My husband says I should have a tattoo that says, "Nothing is ever just easy." He's not wrong. During the Great COVID Quarantine of 2020/21 my sister had been diagnosed with colon cancer in Indianapolis and it took a turn for the worst around Thanksgiving. The drive to Indianapolis was eight hours each time I took off from work and headed out. As I tended to her affairs and made arrangements for her three elementary school aged children I could not visit her due to COVID restrictions. However, she was on the first floor. I would call her on the cell phone and talk from outside her window. Since it was December and January, it was bitter cold so I went in costumes- Pikachu, Tigger, Bigfoot, or whatever I could find. After we talked so long, I would either do a dance for her or do art to display in her room. She believed that she would beat cancer and rally to go home to her children- even when she was in hospice. She was reaching for hope until the day she drew her last breath. "Reaching for Hope" was in her room until February 27, 2021 when she was greeted by our parents and the football stadium of cats she owned over the years, who had previously arrived in Heaven and were waiting patiently.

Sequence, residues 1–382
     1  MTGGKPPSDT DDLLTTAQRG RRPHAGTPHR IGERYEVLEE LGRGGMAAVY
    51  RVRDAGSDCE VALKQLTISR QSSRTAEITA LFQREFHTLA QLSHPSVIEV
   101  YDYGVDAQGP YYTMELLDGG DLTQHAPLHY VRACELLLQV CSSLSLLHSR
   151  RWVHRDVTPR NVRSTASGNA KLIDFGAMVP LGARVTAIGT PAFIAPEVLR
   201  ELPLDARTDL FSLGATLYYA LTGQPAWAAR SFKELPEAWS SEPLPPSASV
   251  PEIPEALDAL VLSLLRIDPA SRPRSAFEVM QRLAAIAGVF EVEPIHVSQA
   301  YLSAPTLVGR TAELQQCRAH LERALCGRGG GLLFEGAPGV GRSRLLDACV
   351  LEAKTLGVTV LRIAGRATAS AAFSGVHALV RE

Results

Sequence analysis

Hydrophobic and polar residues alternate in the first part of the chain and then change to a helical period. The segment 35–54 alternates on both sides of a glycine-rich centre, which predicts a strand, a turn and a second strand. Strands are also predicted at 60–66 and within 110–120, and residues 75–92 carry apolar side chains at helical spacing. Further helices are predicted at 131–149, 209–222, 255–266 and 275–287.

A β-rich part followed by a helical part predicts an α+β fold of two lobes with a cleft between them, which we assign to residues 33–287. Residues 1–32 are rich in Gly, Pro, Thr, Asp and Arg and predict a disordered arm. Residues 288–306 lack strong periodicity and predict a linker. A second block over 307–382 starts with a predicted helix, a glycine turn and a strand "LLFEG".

Peggy Owens thought for 39 years that she was born to be a teacher. She won the typical awards- Teachers' Treasures' Teacher of the Year, Pike Township Champion Teacher, Lilly Teacher Creativity Teaching Scholar, and others she is too old and senile to remember. She taught elementary school and administrator for an excruciating eight years until she paroled herself and went back to teaching children. When she retired in Indiana and moved to West Virginia she became a middle school art and gifted teacher. The was a surprise to all, but most of all, to her. Who knew that if a teacher simply passed the PRAXIS, she was suddenly certified to teach? Upon landing in the art room, she found herself pleasantly surprised and enthralled with art. Kandinsky's circles, Van Gogh's unusually placed body parts, and Picasso's unusual works captured her heart and monopolized her time. She was inspired by Dale Chihuly's glass as well as Duchamp's "Nude Descending a Staircase" and has made any number of "explosions in a shingle factory" of her own- although her explosions have been in her kiln. Based on this fact as well as how she bumbled into art accidentally, she has declared her title to be "Accidental Artist.